Why Alvin and the Chipmunks Keep Rocking On

John F. Kennedy was running for president in 1960 when he jotted off a memo to a songwriter. "I'm glad to know that I have at least one worthy opponent," the note said. Kennedy wasn't referring to Nixon. He was talking about Alvin Seville, the furry, animated chipmunk with a red baseball cap who is the lead singer of the group Alvin and the Chipmunks. That year, Alvin released a song called "Alvin for President," with an ambitious platform. "I promise you two bicycles in every garage, four Christmases every year," Alvin vowed, to a melody as catchy as any Beach Boys ditty, "... And another thing, dear friends. Why shouldn't we have a penny ice cream cone?" Kennedy won the election, and he didn't he even offer Alvin a low-level post.

Alvin turns 50 this year, and he's experiencing a major popularity surge—not bad for a cartoon character who won his first Grammy in 1958. At the 2008 Nickelodeon Kids' Choice Awards, Alvin's latest movie (a CGI adventure called "Alvin and the Chipmunks") was named the year's best film by tweens, who helped it gross $217 million domestically, $34 million more than "The Simpsons Movie." Alvin and his two background singers—the blue-shirted guitarist Simon and the green-shirted drummer Theodore—were recently inducted into Madame Tussauds wax museum, and they just dropped their first new album in a decade. It's fairly common for an animated franchise to run forever on nostalgia fumes, but terminal cuteness is only part of their success. The Chipmunk empire has assiduously updated its chirpy repertoire to appeal to the next generation. Many kids in the '80s heard the Chipmunks wholesome version of "Beat It" long before they heard Michael Jackson's original. Even their storyline—three orphans who become pop stars only to find themselves tested by the temptations of sudden fame—never grows old. They're the animated version of Horatio Alger, mixed with a healthy dose of Zac Efron.

The Chipmunks were invented by Ross Bagdasarian, a songwriter best known as William Saroyan's cousin and the guy who plays the piano in Hitchcock's "Rear Window." In 1958, struggling to pay his mortgage, Bagdasarian wrote a song called "Witch Doctor" and he sped up the vocals with a $190 tape recorder. Although the lyrics sounded like a coughing train engine ("ooo eee ooo ah ah ting tang walla walla bing bang"), it became a hit, and the Chipmunks were born as the squeaky voices of the song. Alvin was such a hot ticket, that by 1961, he landed his own TV show. He got a second series in the '80s, which ran for eight seasons on Saturday mornings. So far, the Chipmunks have pulled in $1 billion in retail sales and pushed 44 million records, along with 12 million copies of their books.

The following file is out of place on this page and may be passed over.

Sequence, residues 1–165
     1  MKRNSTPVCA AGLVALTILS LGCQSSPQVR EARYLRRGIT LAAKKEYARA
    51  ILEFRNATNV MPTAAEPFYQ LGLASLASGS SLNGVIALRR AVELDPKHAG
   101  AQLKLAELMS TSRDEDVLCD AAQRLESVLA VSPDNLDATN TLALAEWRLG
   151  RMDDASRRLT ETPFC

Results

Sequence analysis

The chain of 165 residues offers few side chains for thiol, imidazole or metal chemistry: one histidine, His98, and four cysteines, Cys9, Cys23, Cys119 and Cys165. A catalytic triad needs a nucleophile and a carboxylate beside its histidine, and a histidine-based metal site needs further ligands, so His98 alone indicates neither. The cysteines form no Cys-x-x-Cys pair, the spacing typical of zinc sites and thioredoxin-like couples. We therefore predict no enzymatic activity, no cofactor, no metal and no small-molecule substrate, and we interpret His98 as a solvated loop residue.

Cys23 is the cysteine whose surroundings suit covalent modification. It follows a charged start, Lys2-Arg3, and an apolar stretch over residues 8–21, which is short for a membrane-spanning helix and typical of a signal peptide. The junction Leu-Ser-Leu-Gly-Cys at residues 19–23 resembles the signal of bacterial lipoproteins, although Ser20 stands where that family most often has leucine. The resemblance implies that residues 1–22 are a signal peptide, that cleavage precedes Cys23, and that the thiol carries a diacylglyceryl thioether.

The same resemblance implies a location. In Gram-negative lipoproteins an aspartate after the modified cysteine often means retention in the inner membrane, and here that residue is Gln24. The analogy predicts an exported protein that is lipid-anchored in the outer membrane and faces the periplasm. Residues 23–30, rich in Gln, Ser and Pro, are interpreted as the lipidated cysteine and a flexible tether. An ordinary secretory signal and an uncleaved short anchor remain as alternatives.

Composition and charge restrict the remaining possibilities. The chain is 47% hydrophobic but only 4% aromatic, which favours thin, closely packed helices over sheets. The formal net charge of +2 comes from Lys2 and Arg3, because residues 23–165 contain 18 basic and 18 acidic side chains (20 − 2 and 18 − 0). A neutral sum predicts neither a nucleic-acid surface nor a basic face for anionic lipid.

To get the best idea of the Chipmunks' appeal, look at another entertainment juggernaut, "American Idol." Both trade in the allure of rags-to-riches insta-stardom. Alvin opens his new movie without even a shirt on his back and ends it a celebrity. Both acts are squeaky clean, family friendly and, to be honest, not very original. Not unlike Clay Aiken, the Chipmunks have achieved fame through their song covers. Even the rights-shy Beatles gave them permission to record after Bagdasarian met them in London, and the Chipmunks have duplicated songs from rock stars as big as Elvis ("Heartbreak Hotel"), the Beach Boys ("Surfin' USA"), Little Richard ("Tutti Frutti") and Billy Joel ("Uptown Girl"). Ross Bagdasarian Jr., who took over after his father died in 1972, says artists are usually thrilled at the prospect of Chipmunkification. "They see it as a cultural compliment if the Chipmunks cover their tunes," he says. "They know we are going to do a faithful, high-quality production."

Over time, the Chipmunks received a series of makeovers. Alvin has traded his red sweater for a red hoodie, and he sings about wanting an iPod instead of a hula hoop in a Christmas jingle on "Undeniable," his new album. Some of the other tunes are a little more edgy—in their cover of Blink 182's "All the Small Things" they chirp that "work sucks." But Chipmunk pop is still as comfortable as the big, heavy blanket on your grandmother's bed, which in our R-rated world is a major draw for parents. One of the more ballady performance tracks, a cover of Chris Daughtry's song "Home," doesn't entirely work, but it's a wink to "Idol," and the fact that the Chipmunks originated the act of treating karaoke as art. They'll be doing that for some time. A sequel, "Alvin and the Chipmunks: the Squeakuel," is scheduled for Christmas 2009 and will also feature the Chipettes. These girl Chipmunks, who were introduced in the '80s and once covered "Material Girl" on a shopping spree, are named Eleanor, Jeanette—and Brittany. Brittany dresses in pink costumes that bring to mind another, arguably less famous, Britney. But don't blame her for Ms. Spears's success. She's too good to be that bad.